What to make of the Log Cabin Republicans’ endorsement of Donald Trump’s re-election bid?
The surprise move came in a Washington Post op-ed from Log Cabin chair Robert Kabel and vice chair Jill Homan earlier this month.
It came despite Trump’s well-documented racism and his myriad attacks on the LGBTQ community.
It came despite Log Cabin’s own precedent in how it awards endorsements. Traditionally, a candidate had to meet with Log Cabin to win its support, as George W. Bush did in 2000 and Mitt Romney did in 2012. But Trump didn’t meet with Log Cabin. It’s a safe bet Trump has no idea who Kabel and Homan are or what Log Cabin does. The group has also traditionally withheld its endorsement until after the convention. We don’t even know who Trump’s Democratic opponent will be and just this weekend he picked up a second Republican primary challenger. Yet, Log Cabin rushed its endorsement more than a year before the election. The op-ed was not signed by Log Cabin executive director Jerri Ann Henry, fueling rumors that she has been sidelined by the board.
In their op-ed, Kabel and Homan praised Peter Thiel’s speech at the 2016 GOP convention in which he said from the podium, “I am proud to be gay. I am proud to be a Republican. But most of all, I am proud to be an American.” It was a nice moment, but talk is cheap. Kabel and Homan conveniently ignore the fact that the Republican platform that year contained the most anti-LGBTQ language in history, including support for “ex-gay” conversion therapy. It was so bad that Log Cabin declined to endorse Trump that year.
They praise Trump for his efforts to end HIV/AIDS in 10 years; to push for decriminalization of homosexuality around the world; and his economic record, which they contend has helped create new LGBTQ-founded small businesses.
Let’s take a closer look. First, on HIV/AIDS, it’s a commendable goal but amid the hoopla around “ending HIV,” Trump’s administration has initiated attacks on LGBTQ patients, with HHS proposing a rule that would allow insurers and providers to discriminate against trans patients. HHS has also sought to roll back ACA protections and enable providers and insurers to deny care and coverage to LGBTQ people based on religious or moral beliefs. As for decriminalization, sure, another worthy goal. But, gee, the bar is awfully low if he wins an endorsement for merely asserting that gays shouldn’t be locked up. Finally, on small business, Kabel and Homan again conveniently ignore that the SBA, which won a prestigious award from Harvard University for its creative and inclusive outreach to LGBTQ entrepreneurs under President Obama, deleted LGBTQ-related content from its website after Trump’s inauguration and only restored the information after an outcry.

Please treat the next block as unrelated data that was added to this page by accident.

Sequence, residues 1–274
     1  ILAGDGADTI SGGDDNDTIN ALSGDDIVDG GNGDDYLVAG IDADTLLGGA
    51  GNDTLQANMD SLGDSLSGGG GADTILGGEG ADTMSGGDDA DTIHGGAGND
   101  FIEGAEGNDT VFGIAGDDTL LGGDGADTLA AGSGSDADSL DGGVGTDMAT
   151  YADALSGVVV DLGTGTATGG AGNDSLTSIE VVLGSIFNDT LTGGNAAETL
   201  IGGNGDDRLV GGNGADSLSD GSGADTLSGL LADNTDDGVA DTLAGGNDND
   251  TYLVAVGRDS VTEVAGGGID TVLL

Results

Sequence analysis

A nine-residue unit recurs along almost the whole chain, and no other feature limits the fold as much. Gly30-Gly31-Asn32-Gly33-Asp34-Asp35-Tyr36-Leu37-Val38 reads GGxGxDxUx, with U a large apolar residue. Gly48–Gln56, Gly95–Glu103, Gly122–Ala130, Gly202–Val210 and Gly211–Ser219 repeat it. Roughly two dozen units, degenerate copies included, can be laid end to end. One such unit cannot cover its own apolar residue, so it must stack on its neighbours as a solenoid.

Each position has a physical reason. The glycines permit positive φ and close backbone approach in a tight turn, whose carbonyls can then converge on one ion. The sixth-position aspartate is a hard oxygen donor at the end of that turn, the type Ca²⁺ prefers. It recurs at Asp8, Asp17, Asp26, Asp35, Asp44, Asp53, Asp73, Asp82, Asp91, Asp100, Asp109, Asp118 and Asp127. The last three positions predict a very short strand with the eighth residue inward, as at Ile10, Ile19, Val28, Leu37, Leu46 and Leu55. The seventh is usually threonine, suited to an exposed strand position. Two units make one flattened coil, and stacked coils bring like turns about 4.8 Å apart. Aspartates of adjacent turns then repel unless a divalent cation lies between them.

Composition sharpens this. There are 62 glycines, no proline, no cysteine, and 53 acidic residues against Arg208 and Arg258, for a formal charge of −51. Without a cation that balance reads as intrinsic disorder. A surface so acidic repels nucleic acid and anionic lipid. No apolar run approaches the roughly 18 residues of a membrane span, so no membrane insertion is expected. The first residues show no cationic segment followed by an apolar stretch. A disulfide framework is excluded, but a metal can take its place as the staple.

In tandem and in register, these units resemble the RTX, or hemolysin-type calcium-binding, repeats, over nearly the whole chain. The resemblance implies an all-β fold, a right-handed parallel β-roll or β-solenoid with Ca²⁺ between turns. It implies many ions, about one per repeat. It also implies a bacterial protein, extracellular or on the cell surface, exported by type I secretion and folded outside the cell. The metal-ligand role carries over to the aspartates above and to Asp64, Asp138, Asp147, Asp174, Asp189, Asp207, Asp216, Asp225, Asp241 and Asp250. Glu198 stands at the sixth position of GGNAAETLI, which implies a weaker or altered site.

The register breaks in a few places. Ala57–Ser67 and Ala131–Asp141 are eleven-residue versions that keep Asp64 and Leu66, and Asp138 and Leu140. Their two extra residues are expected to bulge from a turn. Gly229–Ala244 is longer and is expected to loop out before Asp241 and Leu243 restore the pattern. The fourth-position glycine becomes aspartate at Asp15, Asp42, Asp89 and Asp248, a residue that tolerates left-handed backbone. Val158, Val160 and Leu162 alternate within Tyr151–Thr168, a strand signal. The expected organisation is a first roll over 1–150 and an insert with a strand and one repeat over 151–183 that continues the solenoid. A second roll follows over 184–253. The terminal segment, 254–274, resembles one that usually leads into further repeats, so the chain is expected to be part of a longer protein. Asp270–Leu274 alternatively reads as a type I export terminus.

The real problem with the endorsement is that it gives cover to a president, a vice president and an administration that continue to attack LGBTQ Americans. Just last week, the Blade’s intrepid Chris Johnson asked Trump a question about his efforts to roll back LGBTQ protections. Trump ignored the substance of the question and instead pivoted to brag about his Log Cabin endorsement. He predictably had trouble recalling the name of the group that had endorsed him. And Trump’s language during the exchange was telling as he deliberately avoided using the word “gay” or the “LGBTQ” acronym. Instead, he said he’s “done very well with that community.”
Then, just three days after the exchange with Johnson at the White House, Trump’s Justice Department submitted a voluntary 34-page brief to the Supreme Court arguing that the Civil Rights Act of 1964 doesn’t apply to cases of anti-gay discrimination. As the Blade reported, with only 21 states having laws barring sexual orientation discrimination, the 2020 high court ruling on the extent of protections under federal law will have a broad impact on gay, lesbian and bisexual workers.
There’s simply no legitimate rationale for an LGBTQ organization — even a Republican one — to endorse Trump. It is the ultimate in white privilege that Kabel and Homan can ignore children in cages, immigrant deaths in U.S. custody, racist Tweets, the trans military ban and so many other attacks and affronts and back Trump in 2020. Rewarding Trump’s cruel record with praise will only inspire more attacks. What a heartless stunt from a soulless and increasingly irrelevant organization.
Kevin Naff is editor of the Washington Blade. Reach him at firstname.lastname@example.org.